The British Medical Journal said it has sent documents to the U.S. Food and Drug Administration that it said appear to suggest a link between the antidepressant drug Prozac and suicidal behavior. The journal said an anonymous source had provided "missing documents" relating to clinical trials of the drug, made by Indianapolis-based drug maker Eli Lilly & Co. Lilly said it had always sought to publicly disclose data and was unaware of any allegations that documents were missing from its trials.
BUSINESS
November 5, 2004
* Drug giant Merck & Co should have pulled its Vioxx painkiller from the market four years ago because data showing that it raised the risk of heart attacks has existed since 2000, Swiss scientists said. In a report for British medical journal the Lancet, researchers at the University of Bern said there was substantial evidence of the dangerous side effects of the drug by the end of 2000, but the data were not analyzed properly. * * Chiron Corp.
HEALTH
December 24, 2001 | ROSIE MESTEL
Medical journals don't tend to be light reading fodder, filled as they are with turgid clinical trials, ads for heartburn drugs and graphically illustrated diseases-of-the-week. But come December, a few lighten up--even get a bit silly. Most notable is the British Medical Journal, which in less festive times tends to run articles with titles such as "Empirical Treatment of Uncomplicated Cystitis" and "The Impact of New Drugs on Management of Glaucoma in Scotland."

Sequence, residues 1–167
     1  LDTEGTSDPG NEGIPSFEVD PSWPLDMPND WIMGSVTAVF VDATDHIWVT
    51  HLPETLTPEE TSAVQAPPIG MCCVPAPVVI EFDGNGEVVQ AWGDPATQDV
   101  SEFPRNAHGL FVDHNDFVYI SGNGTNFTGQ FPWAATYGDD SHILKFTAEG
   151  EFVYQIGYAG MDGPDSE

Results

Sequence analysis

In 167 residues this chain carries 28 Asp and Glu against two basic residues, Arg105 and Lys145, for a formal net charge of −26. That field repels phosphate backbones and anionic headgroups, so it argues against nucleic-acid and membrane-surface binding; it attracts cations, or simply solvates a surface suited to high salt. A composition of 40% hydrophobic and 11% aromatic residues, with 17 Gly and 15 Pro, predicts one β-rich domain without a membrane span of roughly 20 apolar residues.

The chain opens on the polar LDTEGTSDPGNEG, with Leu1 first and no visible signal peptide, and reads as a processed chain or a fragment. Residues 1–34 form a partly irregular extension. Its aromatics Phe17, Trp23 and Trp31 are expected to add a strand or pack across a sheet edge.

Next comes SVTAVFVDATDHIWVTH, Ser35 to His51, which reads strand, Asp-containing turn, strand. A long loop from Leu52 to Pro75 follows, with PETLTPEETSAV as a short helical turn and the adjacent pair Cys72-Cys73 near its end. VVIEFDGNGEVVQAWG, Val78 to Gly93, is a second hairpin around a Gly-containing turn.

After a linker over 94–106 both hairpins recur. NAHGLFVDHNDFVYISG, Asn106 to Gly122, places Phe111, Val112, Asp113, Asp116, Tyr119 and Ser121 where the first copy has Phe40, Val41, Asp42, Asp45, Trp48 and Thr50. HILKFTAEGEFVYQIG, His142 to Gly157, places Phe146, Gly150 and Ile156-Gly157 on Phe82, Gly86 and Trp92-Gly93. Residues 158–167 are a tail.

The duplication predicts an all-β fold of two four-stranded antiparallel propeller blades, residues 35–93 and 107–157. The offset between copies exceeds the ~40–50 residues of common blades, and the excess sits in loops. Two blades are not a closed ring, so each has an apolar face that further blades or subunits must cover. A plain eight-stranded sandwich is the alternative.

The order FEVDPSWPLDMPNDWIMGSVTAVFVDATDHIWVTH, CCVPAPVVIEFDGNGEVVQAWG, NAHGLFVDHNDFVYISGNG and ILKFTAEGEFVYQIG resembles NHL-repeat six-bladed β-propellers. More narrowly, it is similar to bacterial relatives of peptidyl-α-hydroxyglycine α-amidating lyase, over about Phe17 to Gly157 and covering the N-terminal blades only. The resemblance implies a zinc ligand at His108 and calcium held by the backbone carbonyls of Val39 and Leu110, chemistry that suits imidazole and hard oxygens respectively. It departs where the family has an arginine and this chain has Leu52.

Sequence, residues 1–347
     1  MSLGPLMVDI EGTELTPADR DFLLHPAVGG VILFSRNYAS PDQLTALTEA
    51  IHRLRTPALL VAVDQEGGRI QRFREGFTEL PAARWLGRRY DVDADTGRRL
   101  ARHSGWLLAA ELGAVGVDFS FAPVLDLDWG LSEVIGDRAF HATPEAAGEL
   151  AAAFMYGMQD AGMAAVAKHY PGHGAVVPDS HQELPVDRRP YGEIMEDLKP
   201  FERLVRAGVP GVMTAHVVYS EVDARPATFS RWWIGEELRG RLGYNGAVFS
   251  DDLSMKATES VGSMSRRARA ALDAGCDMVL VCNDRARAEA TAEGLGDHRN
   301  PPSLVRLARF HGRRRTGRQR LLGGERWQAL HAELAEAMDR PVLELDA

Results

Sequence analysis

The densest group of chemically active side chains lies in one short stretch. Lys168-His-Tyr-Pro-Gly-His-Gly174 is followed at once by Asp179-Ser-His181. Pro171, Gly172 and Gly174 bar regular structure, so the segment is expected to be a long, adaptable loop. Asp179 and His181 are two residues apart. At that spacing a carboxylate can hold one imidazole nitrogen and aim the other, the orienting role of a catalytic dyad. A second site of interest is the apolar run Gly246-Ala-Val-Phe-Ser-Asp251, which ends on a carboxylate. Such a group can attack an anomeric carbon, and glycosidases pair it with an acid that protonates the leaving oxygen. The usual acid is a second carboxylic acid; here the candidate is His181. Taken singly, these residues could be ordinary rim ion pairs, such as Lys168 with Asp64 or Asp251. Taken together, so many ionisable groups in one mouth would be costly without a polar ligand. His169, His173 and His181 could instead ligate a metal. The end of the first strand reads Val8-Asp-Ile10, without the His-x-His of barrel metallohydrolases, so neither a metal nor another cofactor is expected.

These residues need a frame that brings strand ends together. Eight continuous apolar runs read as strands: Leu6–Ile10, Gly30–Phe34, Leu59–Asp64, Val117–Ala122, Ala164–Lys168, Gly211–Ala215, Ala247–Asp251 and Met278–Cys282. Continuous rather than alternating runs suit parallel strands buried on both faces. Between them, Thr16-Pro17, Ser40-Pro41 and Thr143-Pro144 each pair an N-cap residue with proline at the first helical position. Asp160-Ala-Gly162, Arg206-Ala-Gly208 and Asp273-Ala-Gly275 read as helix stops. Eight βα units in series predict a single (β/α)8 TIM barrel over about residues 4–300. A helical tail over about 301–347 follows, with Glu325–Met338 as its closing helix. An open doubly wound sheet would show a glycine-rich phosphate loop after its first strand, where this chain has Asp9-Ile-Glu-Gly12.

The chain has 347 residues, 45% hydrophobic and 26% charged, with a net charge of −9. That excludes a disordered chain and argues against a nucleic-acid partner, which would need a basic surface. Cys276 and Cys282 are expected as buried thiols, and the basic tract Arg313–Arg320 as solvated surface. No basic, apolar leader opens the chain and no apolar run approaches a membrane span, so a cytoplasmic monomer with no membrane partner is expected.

SCIENCE
November 26, 2013 | By Melissa Healy
Apparently, not all pills got the memo about, first, doing no harm. Many formulations of common medications contain high levels of sodium, and a new study finds that people who take those medications are 22% more likely to suffer a non-fatal stroke and 28% more likely to die of any cause than people who take the same medications in formulations that do not contain sodium. Among the patients in the study who took medications containing sodium, the median daily sodium dose from those medicines  alone was 106.8 millimoles a day -- higher than recommended daily maximum dietary intake of 104 millimoles a day. The newest study on sodium in medicines was published Tuesday in the British Medical Journal (BMJ)
NEWS
August 3, 1996 | TERENCE MONMANEY, TIMES MEDICAL WRITER
St. John's wort, a plant used in European folk medicines to relieve depression, might actually ease some of the symptoms in some people, researchers reported Friday. A review of 23 different studies, most published in non-English medical journals, suggested that St. John's wort, known scientifically as Hypericum perforatum, worked 2.7 times better than a placebo and roughly as well as many antidepressant drugs in mildly depressed people. Relief of symptoms generally took days or weeks to occur.
NEWS
May 18, 2001 | From Reuters
The Food and Drug Administration, charged with guarding the health of all Americans, is compromised by funding from the drug industry and pressure from Congress, the editor of a top British medical journal said Friday.
HEALTH
December 20, 1999 | THOMAS H. MAUGH II
Magnetic resonance imaging, or MRI, which normally offers images of patients' brains, spinal columns and joints, has now been used by Dutch researchers to view human genitalia during sexual intercourse. Such efforts to learn more about the physiology of the act have a long history. Researchers William H. Masters and Virginia E. Johnson wired subjects with electrodes decades ago to study the effects of arousal.